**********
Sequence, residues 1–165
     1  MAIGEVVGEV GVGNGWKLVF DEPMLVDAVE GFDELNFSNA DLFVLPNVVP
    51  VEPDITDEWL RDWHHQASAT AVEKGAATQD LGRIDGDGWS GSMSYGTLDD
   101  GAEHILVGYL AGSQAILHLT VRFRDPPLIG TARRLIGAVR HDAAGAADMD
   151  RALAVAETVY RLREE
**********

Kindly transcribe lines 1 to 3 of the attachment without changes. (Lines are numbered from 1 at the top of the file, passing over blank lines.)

Sequence, residues 1–165
     1  MAIGEVVGEV GVGNGWKLVF DEPMLVDAVE GFDELNFSNA DLFVLPNVVP
    51  VEPDITDEWL RDWHHQASAT AVEKGAATQD LGRIDGDGWS GSMSYGTLDD